When Jesus saw Mary weeping, and the Jews who had followed her also weeping, He was deeply moved, and He wept as well. Jesus then asked where they had laid him. When He had come to the tomb, which was a cave with a stone placed across the entrance, Jesus told them to take away the stone.
At this point Martha was concerned that there would be a stench because Lazarus had been in the tomb for four days, but Jesus reassured her saying that if she believed, she would see the glory of God. After they had taken away the stone, Jesus looked up and prayed to His Father, thanking Him that He heard His prayer and always heard Him. He prayed this prayer for the benefit of those who were present, that they might believe God had sent Him.
Beginning in verse 43 we read: “When He had said these things, He cried out with a loud voice, “Lazarus, come forth.” The man who had died came forth, bound hand and foot with wrappings, and his face was wrapped around with a cloth. Jesus said to them, “Unbind him, and let him go.” (Verses 43-44, emphasis added).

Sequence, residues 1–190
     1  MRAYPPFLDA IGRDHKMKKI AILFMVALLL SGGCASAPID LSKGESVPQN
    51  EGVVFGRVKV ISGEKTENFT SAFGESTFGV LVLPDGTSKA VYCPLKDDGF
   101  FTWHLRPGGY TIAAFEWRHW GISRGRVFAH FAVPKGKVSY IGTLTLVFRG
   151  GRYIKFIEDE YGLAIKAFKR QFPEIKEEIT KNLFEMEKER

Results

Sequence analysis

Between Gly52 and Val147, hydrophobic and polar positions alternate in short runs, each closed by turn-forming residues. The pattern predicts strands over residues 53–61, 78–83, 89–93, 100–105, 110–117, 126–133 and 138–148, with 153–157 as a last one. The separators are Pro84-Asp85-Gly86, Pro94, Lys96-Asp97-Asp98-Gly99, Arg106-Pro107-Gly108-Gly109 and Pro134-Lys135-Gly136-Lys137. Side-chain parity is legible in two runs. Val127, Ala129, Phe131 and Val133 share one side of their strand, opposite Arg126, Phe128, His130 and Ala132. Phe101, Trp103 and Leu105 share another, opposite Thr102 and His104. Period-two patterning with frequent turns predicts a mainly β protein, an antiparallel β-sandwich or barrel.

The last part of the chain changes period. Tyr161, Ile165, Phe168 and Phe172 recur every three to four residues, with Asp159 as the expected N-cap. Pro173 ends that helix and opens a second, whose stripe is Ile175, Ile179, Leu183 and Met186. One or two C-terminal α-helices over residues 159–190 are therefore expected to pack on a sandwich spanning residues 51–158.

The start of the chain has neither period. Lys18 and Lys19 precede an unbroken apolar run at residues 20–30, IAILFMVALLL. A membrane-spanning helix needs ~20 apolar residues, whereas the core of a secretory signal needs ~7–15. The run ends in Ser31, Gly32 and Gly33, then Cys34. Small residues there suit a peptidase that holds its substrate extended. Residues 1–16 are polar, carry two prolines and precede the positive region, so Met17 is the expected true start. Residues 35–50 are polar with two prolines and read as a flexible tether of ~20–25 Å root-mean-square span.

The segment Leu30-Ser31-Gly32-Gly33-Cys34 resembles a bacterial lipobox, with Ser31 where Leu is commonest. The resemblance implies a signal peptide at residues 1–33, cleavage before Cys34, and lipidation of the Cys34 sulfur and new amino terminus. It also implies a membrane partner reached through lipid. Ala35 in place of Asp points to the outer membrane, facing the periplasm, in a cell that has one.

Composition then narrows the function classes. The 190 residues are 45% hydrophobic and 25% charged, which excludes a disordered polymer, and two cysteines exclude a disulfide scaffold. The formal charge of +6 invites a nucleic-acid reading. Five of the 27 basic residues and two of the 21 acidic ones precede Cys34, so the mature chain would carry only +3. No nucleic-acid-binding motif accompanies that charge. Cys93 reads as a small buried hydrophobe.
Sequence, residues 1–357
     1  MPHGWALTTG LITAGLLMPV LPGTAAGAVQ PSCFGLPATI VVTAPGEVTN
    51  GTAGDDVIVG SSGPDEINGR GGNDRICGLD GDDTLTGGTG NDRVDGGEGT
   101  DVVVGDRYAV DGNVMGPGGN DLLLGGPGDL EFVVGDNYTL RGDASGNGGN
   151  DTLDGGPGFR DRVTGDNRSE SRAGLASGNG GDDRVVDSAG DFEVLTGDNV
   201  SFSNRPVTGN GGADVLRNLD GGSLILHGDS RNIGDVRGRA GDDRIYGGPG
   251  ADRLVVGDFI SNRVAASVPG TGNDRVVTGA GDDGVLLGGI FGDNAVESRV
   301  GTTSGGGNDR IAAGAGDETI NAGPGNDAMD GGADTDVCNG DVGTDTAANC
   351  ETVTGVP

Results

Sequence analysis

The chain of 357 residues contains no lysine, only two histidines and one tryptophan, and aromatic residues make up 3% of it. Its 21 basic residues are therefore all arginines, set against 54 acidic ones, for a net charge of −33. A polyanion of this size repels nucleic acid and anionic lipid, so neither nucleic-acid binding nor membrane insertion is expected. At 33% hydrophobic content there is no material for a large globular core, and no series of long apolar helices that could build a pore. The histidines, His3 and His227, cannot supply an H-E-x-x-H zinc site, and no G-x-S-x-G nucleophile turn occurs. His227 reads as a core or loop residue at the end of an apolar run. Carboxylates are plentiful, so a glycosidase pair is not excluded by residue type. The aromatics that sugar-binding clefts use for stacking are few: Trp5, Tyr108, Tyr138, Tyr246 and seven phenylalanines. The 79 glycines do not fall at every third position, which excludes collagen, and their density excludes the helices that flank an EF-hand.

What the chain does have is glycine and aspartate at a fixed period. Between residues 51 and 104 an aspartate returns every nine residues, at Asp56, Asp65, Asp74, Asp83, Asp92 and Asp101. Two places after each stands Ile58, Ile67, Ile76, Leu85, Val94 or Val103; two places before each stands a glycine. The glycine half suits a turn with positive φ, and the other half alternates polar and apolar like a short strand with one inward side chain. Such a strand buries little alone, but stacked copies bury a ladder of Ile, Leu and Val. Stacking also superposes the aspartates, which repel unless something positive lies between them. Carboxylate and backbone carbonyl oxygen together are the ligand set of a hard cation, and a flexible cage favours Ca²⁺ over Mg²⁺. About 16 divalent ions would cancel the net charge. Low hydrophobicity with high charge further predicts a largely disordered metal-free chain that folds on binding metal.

Concluding this passage, we see in verse 45 that many of the Jews who had followed Mary to the tomb believed in Jesus, when they saw what He had done. And so we see yet again from the Scriptures the principle of spiritual fruit bearing through the “death” of the grain of wheat, as Jesus taught in John 12:24-26. Lazarus suffered, Mary and Martha suffered, and Jesus also suffered with them when He saw their grief, but as a result of this suffering and what God brought about through it, many of the Jews who were present and witnessed these events believed in Jesus.